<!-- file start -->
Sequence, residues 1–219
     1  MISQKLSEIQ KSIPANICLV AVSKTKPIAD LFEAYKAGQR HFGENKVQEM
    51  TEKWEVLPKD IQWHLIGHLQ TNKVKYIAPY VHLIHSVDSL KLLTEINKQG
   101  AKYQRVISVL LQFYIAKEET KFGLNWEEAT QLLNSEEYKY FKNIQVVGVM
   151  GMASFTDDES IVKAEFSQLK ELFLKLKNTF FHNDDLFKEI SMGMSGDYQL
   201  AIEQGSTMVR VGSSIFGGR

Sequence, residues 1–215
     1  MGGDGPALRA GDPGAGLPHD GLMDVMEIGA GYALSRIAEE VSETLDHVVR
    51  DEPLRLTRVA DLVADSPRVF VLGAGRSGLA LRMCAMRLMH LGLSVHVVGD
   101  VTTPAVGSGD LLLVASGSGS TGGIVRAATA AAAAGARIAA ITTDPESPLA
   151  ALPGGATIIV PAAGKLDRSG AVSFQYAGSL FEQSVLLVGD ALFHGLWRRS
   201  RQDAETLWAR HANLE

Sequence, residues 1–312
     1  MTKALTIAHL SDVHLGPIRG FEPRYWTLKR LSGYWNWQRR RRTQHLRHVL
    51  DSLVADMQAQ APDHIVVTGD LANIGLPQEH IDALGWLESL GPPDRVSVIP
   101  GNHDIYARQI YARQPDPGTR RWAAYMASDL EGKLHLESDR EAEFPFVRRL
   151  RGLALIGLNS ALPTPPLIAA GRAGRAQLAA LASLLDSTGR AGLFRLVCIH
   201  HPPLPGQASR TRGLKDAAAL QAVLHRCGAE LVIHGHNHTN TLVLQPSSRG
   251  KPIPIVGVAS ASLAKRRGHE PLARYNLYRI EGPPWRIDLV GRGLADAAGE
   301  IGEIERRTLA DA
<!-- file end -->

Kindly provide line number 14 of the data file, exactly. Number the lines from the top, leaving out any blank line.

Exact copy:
     1  MTKALTIAHL SDVHLGPIRG FEPRYWTLKR LSGYWNWQRR RRTQHLRHVL